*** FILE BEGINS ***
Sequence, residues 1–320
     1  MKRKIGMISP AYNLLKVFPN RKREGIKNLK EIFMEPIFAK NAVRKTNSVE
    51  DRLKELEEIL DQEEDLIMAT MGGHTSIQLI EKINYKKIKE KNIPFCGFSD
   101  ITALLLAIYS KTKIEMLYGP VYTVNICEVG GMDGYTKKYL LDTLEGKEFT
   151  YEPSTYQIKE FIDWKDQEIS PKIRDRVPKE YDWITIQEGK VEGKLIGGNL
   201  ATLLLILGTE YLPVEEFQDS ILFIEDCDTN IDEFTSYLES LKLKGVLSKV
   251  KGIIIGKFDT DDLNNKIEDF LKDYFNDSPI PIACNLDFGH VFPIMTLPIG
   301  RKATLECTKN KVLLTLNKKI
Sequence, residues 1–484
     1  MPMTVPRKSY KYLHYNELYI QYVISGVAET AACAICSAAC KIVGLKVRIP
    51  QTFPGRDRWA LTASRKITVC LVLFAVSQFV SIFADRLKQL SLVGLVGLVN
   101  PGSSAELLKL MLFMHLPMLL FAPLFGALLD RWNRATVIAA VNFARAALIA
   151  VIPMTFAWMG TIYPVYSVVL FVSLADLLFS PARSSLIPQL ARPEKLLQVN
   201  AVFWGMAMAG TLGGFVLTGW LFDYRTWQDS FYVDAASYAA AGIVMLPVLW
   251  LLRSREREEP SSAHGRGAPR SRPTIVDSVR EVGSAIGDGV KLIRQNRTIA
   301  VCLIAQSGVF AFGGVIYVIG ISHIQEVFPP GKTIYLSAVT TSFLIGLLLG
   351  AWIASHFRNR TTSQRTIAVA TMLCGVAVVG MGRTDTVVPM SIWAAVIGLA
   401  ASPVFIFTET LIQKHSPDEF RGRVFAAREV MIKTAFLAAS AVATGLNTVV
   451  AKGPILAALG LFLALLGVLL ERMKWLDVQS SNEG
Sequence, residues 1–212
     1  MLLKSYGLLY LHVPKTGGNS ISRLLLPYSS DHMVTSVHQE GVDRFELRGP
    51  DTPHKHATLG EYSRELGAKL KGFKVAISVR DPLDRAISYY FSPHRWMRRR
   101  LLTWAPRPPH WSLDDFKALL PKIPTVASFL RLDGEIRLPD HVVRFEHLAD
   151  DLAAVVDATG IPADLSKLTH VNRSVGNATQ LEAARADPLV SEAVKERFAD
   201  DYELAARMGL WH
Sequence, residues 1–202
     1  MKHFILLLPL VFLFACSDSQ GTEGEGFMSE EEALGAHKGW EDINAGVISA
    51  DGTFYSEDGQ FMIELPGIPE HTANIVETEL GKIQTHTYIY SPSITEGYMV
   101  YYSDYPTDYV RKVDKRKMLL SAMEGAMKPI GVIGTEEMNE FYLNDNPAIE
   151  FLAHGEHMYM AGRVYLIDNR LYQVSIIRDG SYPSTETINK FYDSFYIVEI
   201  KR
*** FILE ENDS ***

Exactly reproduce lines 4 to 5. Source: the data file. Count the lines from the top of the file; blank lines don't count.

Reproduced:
   101  ITALLLAIYS KTKIEMLYGP VYTVNICEVG GMDGYTKKYL LDTLEGKEFT
   151  YEPSTYQIKE FIDWKDQEIS PKIRDRVPKE YDWITIQEGK VEGKLIGGNL